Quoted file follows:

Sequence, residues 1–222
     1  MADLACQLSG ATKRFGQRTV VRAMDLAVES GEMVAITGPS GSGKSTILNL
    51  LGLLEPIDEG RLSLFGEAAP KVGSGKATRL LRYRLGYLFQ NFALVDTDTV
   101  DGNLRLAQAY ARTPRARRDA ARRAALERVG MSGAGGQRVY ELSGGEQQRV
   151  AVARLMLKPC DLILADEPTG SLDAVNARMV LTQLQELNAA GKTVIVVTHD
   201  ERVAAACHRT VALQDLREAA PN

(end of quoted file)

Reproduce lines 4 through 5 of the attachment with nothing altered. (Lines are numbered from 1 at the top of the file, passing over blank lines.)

   101  DGNLRLAQAY ARTPRARRDA ARRAALERVG MSGAGGQRVY ELSGGEQQRV
   151  AVARLMLKPC DLILADEPTG SLDAVNARMV LTQLQELNAA GKTVIVVTHD